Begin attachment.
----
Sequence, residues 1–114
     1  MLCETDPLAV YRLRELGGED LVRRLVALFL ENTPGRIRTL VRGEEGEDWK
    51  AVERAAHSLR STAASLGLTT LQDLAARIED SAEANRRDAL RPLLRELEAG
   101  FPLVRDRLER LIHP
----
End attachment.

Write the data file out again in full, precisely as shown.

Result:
Sequence, residues 1–114
     1  MLCETDPLAV YRLRELGGED LVRRLVALFL ENTPGRIRTL VRGEEGEDWK
    51  AVERAAHSLR STAASLGLTT LQDLAARIED SAEANRRDAL RPLLRELEAG
   101  FPLVRDRLER LIHP